"Adaptive clothing" is the term for clothes which are designed for use by disabled people. The goal is to look like regular clothes, but to have adaptations that either make them easier to don, safer and more comfortable to wear in wheelchairs, or more practical for caregivers. By their nature, adaptive clothes can be unique to the individual. Recently, a friend came to me with a particular need: a man whose Parkinson's makes it difficult to get the narrow ends of his pants legs over his feet (even if you sit to do it, it still requires balance and co-ordination). She asked if I could install zippers in the bottom of the pant legs so he could unzip them, get them on, and then zip them down? I said of course!
ZIPPER IN SIMPLE SEAM
The first pair of pants was easy, since it had a simple seam, sewn right sides together with seam allowances on the inside. The procedure is almost exactly the same as what I did with the Regalia, except that these pants had serged edges so there was an extra step of un-picking:
The first step was un-picking the serged-together edges all the way up to the pin, and even a little higher than the pin, so I could iron the seam open. I tied off the serger threads so they wouldn't keep unraveling, and ironed the seam to the back of the pants above the area where the zipper would go, but ironed the seam open below that mark. Click to see the pics full size:
Then I pinned the zipper in place on the seam, going under the hem at the bottom, and topstitched it into place. Finally, I turned the hem back up and re-stitched that as well. The two pictures below show the completed zipper on the one leg and the pinned zipper on the other.
Notice first that I pinned the pins facing in one direction all the way to the top, then facing the other direction all the way back: that way I could sew it in one long seam, pulling the pinheads out as I went. But I'm not sure now if that was the best way... See the shifting of the bottom hem in the finished leg? Somehow it skewed as I was sewing. Perhaps I forget to put down my Pfaff's Integrated Dual Feed attachment when I changed to the zipper foot? That might have made the layers feed unevenly. At any rate, I had to hem it askew, which you can see a little. If you do this, either use a walking foot/IDF or sew one side in one direction, tie off, then sew the other side the same direction, and reinforce the crossbar at top before tying off.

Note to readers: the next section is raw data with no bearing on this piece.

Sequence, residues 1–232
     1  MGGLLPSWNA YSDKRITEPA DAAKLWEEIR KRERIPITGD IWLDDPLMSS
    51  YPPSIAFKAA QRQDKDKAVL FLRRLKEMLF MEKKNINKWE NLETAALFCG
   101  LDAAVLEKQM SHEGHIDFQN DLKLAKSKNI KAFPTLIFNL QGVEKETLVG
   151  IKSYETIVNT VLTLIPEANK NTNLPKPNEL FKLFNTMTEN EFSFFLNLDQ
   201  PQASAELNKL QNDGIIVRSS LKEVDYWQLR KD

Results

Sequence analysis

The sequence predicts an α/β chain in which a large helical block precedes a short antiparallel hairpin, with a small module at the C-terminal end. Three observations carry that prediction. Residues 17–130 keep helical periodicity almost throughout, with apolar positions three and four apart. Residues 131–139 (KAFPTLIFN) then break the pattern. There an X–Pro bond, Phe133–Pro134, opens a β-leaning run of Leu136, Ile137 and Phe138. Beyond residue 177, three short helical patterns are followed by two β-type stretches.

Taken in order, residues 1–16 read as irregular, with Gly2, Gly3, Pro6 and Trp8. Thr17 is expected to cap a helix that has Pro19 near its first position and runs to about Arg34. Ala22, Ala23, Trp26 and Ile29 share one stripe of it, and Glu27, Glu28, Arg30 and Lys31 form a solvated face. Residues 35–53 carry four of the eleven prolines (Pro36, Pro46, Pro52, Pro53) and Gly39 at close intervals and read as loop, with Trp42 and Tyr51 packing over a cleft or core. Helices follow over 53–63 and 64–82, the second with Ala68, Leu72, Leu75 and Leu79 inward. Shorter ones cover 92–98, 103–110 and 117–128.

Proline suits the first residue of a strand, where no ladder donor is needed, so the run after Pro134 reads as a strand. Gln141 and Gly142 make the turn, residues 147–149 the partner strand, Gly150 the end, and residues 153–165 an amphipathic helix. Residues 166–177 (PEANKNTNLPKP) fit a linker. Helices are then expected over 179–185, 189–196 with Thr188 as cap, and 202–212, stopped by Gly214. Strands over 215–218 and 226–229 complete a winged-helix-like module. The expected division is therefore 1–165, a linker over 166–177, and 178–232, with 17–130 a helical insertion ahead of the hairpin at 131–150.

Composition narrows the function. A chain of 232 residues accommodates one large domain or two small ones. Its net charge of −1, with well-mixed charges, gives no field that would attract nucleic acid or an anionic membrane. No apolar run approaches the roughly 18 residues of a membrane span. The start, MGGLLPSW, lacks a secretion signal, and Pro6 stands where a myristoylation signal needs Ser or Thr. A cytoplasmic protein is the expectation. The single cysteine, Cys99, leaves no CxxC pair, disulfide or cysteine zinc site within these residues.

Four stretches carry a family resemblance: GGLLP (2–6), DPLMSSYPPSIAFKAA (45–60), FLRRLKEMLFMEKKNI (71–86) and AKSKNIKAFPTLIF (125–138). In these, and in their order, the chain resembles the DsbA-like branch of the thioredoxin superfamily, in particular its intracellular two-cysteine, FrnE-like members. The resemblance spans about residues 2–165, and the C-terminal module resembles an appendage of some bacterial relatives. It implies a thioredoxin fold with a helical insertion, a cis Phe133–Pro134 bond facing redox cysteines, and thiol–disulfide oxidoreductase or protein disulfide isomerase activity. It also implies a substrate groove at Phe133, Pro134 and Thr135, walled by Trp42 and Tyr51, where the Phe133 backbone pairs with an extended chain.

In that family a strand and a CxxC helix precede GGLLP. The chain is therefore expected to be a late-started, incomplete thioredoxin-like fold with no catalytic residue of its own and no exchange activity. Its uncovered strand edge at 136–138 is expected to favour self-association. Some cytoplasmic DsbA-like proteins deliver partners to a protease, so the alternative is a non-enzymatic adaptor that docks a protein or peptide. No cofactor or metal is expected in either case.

Not pictured: I did a second line of stitching only on the inner layers (zipper tape and seam allowance) to prevent the fabric from unraveling in the wash.
ZIPPER IN FAKE FELLED SEAM
This one was more complicated, because it had a "fake felled" seam. In a real felled seam, one seam allowance is folded around the other and topstitched down, enclosing all edges In this fake felled seam, the seam is sewn right sides together, the seam allowances are serged, pressed to the side, and then top-stiched with two parallel lines. From outside the garment, it looks like a flat fell, but inside there's a mass of visible threads. The tricky part is that even after un-picking the area where the zipper will go, I still can't easily press the seam open, and if I did, it wouldn't look like the rest of the seam when done. My goal was for the zipper to look like the rest of the garment. So I had to turn it into a zipper with a lapped edge, like a fly.
I start by unpicking the seam up to a bit above where the zipper would end (left-side pic below). Once it's un-picked, I lay the zipper face-down on the inside layer of seam allowance (right-side pic below). See how the zipper tape is pinned and the zipper itself protrudes out into the visible area of the garment? See also how I turn the zipper face-up, and the result is that the zipper then lies inside the seam area where it needs to be? The left side of the picture shows how it's pinned to be sewn, and the right side shows how it'll end up.
Here's the sewn zipper, face-down and protruding from the seam:
Then I turn the zipper face up, and lay the overlap on top of it, pinning the zipper tape to the overlap. The end of this side of the zipper can be hidden in the hem:
When I sew this seam, I continue the top-stitching for the original fake fell. Ideally, if you don't know there's a zipper there, you won't notice it looks different at all! Below you see the zipper open and the zipper closed.
Quilting, dressmaking, and history plied with the needle...
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